“I’m so bored. I hate my life.” - Britney Spears

Das Langweilige ist interessant geworden, weil das Interessante angefangen hat langweilig zu werden. – Thomas Mann

"Never for money/always for love" - The Talking Heads

Thursday, February 23, 2006

money makin' ideas for the AEI to consider

Being broke at the moment, LI has been in search of a surefire source of revenue. And then it occurred to us: what kind of pro-active, pro-business response to global warming would warm the hearts of rightwing moneybags and bring in the checks?

Surely the thing to do is controlled volcanic management! We keep our cars, SUVs and coal generated plants going along at full carbon tilt, toss in a few atom bombs into the crater of some isolated volcano every year or so, and get the wonderfully cooling effect of pumping “sufficient amounts of ash into the air.” This package has everything: major manipulation of nature, atom bomb use, and a pro-carbon agenda. We are writing to the Scaife foundation for a grant right away! Happy days are here again!

From the Washington Post Q and A with Eugene Linden, author of Winds of Change:

Q: “As I've followed the global warming/climate change discussion, three historically based questions have always interested me. First, the drop in temperatures from the 1940s to the 1970s seems to contradict the correlation between human generated greenhouse gases and warming. Has this been adequately explained? Second, there was a significant warming period during the middle ages during which an agricultural colony was established in Greenland, but there was little or no human generated greenhouse gases at the time. Does this indicate that other factors besides human activity are the predominant causes of warming? Finally, proxies for temperature measures (i.e. ice cores, tree rings) have indicated that current temperatures are below long-term millennial temperature averages, and these long term trends track very closely to trends in solar activity. Does this indicate that current levels of solar activity are a more likely cause of current warming than greenhouse gases? Thank you for your consideration of my questions.

Eugene Linden: Since human greenhouse gas emissions only truly ramped up in the last century or so, it should be obvious that past warmings were the result of natural cycles (although one scholar argues that humans have had an impact through deforestation and agricultural going back thousands of years). Moreover, periodic coolings don't contradict the connection between GHG emissions and warming. For instance, the eruption of Mount Pinatubo in the early 90s put sufficient amounts of ash into the air to cool the planet the following year. Climate is one of the most complex systems on the planet, responding at any given time to countless pushes and pulls, but, on relatively short time frames, CO2 has tracked temperature as far back as we can reliably measure. It's one big variable that we can affect, and since we've upped it by 50%, temperatures have responded much the way climate scientists have expected. There will never be 100% certainty that the recent warming represents a response to human inputs, but the consensus is strikingly strong that it does. Moreover, it's the one thing we can do something about.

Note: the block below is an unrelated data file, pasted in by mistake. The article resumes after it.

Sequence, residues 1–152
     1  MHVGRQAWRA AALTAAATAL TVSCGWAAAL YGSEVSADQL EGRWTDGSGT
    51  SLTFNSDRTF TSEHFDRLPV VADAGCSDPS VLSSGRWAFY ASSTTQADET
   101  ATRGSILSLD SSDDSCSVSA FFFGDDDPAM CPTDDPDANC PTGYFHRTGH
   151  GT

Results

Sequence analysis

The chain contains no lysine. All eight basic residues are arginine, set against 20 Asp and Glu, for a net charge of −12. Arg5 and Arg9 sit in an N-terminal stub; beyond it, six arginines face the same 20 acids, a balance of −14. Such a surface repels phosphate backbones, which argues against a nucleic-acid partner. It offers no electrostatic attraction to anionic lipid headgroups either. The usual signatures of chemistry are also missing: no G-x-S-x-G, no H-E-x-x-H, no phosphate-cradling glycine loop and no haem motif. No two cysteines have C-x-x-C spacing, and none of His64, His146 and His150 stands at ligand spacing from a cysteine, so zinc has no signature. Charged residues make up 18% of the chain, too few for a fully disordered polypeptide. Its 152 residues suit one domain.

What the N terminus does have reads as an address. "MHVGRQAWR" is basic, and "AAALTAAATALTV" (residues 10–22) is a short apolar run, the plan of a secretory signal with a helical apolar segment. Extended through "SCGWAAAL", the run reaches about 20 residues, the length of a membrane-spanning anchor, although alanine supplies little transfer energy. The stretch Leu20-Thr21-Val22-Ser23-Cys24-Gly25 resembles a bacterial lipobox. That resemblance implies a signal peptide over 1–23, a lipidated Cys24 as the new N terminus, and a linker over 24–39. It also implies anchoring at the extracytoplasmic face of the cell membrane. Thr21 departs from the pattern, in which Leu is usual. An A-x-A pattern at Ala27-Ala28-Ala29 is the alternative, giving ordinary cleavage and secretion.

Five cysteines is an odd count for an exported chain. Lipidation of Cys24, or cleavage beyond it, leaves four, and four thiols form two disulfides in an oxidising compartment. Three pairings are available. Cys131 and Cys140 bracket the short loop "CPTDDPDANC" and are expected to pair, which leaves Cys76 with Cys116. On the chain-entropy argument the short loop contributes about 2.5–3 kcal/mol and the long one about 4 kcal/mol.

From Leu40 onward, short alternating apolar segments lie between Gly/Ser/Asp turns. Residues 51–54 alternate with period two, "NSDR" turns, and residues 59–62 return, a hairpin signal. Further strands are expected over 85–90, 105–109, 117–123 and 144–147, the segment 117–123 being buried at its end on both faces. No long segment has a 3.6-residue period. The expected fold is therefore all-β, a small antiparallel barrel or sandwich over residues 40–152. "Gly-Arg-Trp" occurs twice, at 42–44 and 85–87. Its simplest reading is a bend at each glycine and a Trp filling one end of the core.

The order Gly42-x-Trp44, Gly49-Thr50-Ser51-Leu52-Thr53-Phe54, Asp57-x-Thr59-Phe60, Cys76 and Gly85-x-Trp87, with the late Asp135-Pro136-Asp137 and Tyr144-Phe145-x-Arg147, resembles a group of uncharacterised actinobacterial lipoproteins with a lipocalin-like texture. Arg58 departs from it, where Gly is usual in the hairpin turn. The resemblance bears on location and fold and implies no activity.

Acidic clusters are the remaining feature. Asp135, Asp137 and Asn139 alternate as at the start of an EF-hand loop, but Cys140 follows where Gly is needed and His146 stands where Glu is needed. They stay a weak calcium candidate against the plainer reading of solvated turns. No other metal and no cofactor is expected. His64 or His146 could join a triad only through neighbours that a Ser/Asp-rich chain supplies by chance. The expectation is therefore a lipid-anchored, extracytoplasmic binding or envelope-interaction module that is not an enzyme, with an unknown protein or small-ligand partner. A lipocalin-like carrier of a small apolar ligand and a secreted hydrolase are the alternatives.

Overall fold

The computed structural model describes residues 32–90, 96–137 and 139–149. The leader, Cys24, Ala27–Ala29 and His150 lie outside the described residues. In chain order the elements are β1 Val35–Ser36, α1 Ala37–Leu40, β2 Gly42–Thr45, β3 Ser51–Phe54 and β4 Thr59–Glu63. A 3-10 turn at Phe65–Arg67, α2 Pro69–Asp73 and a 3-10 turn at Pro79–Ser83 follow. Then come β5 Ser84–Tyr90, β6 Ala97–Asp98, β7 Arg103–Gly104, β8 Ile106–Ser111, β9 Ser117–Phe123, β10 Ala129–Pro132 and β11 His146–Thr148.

Finally, even if the current warming was entirely natural, it would still represent something that we should take very seriously. Natural climate change did in past civilizations, and we've seen the destructive potential of extreme weather just recently on the Gulf Coast.”

ps

Ah, fuck the think tank peanuts. LI is now thinking of the plot for the latest Michael Crichton novel – you know, our Rebel in Chief’s favorite expert on so called climate change. In this plot, St. Exxon (the first corporation ever to be beatified by the Vatican), trying, as usual, to save humanity, comes up with the volcano management idea. Evil environmentalists – the Osama bin Laden league for Deep Ecology – try, of course, to stop them. In the exciting last scene, Jesus Christ, played by Mel Gibson, machine guns the Laden-ites just as they are about to mess up St. Exxon’s scheme. Beautiful fadeout as Jesus turns to the CEO of Exxon – played by St. Peter – and says, in a choked up voice, “I just want my country… to love me… like I love it,” copping the finale to Rambo II – but also a wink and a nod to the idea, gaining increasing currency in the Red States, that Sly’s movie now has official gospel status.

A subplot involving St. Exxon falling deeply in M & A love with Chevron (who is pursued by a lustful, deceptive Chinee company, backed by some evil liability chasin’ lawyers) is, of course, de rigeur, since we need some nude accounting scenes – or at least nude flowsheet scenes. Hey, and to be all comme il faut and shit, how about a stand-in for you know who, toting a pellet gun loaded for bear, who tattoes cartoon images of the prophet on the buttocks of the aforementioned liability lawyers? We gotta think outside the box here, boys. Outside of the Hollywood mindset. Family values and like that.I’m going to pitch this plot to Seth.

2 comments:

Setholonius said...

I've started writing your check, LI. It's got a one and now I'm just writing zeros after it. You tell me when to stop.

roger said...

Seth, I knew the buttock cartoons of the holy guy would attract your attention! Since Mel is truly a made, Opus Dei kind of guy, I think he could pull some strings and engineer the corporate beatification before the film came out -- give it a news interest angle, p.r. wise.